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Anderson Cooper Presses Sanders on Total Cost of His Proposed Government Programs

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Presidential hopeful Bernie Sanders has promised a vast range of new programs if elected president, but what the total of his programs will be is a question he has been loath to address in interviews.

In an interview with CBS News’ “60 Minutes,” aired on Sunday, host Anderson Cooper asked Sanders if he had a total cost of all his proposed government programs.

While Sanders couldn’t say the exact cost of all the plans together, he said that his campaign has figured out a way to pay for them all.

“Obviously, those are expensive propositions, but we have done our best on issue after issue in paying for them.”

“Do you have a price tag for all these?” Cooper asked.

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“We do, I mean, you know, and the price tag is … it will be substantially less than letting the current system go — I think it’s about $30 trillion,” Sanders responded.

Watch the interview below:

Cooper pointed out that the $30 trillion figure was just for Medicare for All and asked again if Sanders has a total cost of all his programs.

“No, I don’t,” Sanders responding, adding, “You mentioned making public colleges and universities tuition-free and canceling all student debt. That’s correct. That’s what I want to do. We pay for that with a modest tax on Wall Street speculation.”

Cooper asked Sanders how he can be sure his programs would be paid for if he can’t list to the total cost of them, and Sanders responded, “Well, I can’t rattle off to you every nickel and every dime. But we have accounted for — you talked about Medicare for All — we have options out there that will pay for it.”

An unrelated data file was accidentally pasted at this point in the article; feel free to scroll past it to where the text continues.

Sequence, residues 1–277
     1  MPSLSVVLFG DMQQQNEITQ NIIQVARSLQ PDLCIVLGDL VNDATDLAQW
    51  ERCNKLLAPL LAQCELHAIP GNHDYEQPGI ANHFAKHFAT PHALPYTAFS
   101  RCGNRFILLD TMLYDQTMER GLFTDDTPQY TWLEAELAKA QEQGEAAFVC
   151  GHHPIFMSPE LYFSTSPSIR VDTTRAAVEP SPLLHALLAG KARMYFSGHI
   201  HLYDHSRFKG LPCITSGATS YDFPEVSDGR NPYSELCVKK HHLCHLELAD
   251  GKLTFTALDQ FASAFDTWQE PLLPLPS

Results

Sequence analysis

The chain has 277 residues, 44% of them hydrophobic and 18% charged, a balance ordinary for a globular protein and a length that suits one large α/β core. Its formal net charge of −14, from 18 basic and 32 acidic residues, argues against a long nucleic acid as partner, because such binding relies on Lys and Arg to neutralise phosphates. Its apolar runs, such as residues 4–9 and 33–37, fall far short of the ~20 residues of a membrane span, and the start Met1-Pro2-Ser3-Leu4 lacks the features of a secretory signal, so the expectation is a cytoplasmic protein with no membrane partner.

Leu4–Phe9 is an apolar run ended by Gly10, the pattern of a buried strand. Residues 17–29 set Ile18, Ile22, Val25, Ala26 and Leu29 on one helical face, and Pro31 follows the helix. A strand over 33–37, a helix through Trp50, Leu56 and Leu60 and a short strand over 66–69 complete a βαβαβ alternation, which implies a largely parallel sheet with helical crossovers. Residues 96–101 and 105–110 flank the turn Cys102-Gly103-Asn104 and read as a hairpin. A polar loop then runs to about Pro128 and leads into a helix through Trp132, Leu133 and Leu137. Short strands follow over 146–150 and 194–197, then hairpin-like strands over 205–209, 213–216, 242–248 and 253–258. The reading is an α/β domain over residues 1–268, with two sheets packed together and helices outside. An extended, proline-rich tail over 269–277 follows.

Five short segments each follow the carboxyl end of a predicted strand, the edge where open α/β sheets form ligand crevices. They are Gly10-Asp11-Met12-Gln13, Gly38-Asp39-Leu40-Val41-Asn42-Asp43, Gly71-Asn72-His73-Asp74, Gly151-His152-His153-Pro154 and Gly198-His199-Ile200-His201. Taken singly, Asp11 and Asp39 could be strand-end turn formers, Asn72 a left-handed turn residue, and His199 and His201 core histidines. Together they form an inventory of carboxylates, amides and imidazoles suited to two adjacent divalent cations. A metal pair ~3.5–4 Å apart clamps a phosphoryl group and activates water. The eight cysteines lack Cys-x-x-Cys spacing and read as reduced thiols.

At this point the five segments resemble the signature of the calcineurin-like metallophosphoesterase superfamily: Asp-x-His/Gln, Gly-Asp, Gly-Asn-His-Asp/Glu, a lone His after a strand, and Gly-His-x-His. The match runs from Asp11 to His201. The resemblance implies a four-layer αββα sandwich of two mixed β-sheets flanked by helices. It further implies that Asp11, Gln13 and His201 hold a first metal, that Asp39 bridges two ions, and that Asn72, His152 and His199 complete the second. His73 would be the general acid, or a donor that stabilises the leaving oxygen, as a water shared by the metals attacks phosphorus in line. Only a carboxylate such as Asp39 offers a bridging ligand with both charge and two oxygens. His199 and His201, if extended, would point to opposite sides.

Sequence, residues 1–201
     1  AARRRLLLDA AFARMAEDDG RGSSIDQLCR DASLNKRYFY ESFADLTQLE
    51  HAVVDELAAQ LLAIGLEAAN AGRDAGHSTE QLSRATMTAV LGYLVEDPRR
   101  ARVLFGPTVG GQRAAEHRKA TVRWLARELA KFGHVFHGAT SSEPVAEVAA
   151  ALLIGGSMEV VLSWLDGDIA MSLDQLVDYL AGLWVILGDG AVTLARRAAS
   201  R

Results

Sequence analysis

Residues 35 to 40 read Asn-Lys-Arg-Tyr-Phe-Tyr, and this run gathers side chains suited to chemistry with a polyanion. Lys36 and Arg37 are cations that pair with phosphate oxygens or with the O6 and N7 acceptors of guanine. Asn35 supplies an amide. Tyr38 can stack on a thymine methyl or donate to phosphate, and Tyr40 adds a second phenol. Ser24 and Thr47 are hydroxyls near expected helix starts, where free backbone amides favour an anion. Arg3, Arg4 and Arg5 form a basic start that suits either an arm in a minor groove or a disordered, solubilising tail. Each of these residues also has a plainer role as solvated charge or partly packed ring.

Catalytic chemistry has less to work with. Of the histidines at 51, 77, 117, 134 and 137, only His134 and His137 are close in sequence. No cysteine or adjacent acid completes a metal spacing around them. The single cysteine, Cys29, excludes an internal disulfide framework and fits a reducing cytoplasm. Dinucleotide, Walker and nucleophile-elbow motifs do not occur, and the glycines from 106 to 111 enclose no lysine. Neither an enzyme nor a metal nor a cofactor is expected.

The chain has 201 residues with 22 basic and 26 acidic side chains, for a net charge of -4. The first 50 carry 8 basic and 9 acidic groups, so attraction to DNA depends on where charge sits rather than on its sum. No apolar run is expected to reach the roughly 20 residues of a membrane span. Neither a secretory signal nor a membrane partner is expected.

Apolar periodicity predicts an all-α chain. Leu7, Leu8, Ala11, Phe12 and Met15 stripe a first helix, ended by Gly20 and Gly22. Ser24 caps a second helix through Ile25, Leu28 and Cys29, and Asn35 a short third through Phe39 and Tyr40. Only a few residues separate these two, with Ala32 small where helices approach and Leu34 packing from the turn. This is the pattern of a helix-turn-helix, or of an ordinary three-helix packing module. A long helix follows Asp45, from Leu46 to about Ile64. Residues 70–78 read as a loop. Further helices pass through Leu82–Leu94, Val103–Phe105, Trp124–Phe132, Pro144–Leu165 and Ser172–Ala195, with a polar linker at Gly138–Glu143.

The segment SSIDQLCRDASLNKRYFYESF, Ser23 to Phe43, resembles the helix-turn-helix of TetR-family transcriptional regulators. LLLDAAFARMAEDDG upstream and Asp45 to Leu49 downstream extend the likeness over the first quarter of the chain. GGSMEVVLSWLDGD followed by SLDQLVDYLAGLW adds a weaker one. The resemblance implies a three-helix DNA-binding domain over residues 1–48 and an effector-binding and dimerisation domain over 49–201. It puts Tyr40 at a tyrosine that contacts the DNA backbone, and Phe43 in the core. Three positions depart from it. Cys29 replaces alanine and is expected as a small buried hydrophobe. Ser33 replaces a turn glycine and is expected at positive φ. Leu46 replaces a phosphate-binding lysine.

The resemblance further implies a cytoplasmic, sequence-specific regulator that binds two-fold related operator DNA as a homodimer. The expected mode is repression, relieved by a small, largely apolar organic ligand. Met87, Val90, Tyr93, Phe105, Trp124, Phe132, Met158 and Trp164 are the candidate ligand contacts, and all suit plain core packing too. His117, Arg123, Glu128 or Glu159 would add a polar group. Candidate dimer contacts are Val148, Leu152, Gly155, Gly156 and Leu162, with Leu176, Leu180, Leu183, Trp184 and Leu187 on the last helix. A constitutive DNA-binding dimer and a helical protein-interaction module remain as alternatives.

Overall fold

The issue of how much Sanders’ plans would cost has come up before in other interviews. In an interview in January, CBS News’ Norah O’Donnell pressed him on one estimate that found his plans could cost $60 trillion over 10 years.

When Sanders tried to dismiss that estimate as one cooked up by political rivals, O’Donnell interjected, “You don’t know how much your plan costs?”

“You don’t know, nobody knows, this is impossible,” Sanders responded.

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“You’re going to propose a plan to the American people, and you’re not going to tell them how much it costs?” She asked. 

Sanders argued that the health care costs will skyrocket in the coming decades and cost more than a Medicare for All system.

Critics have routinely blasted estimated costs of Sanders’ proposals, but he has maintained that in the long run, they will be less expensive than the current systems. 

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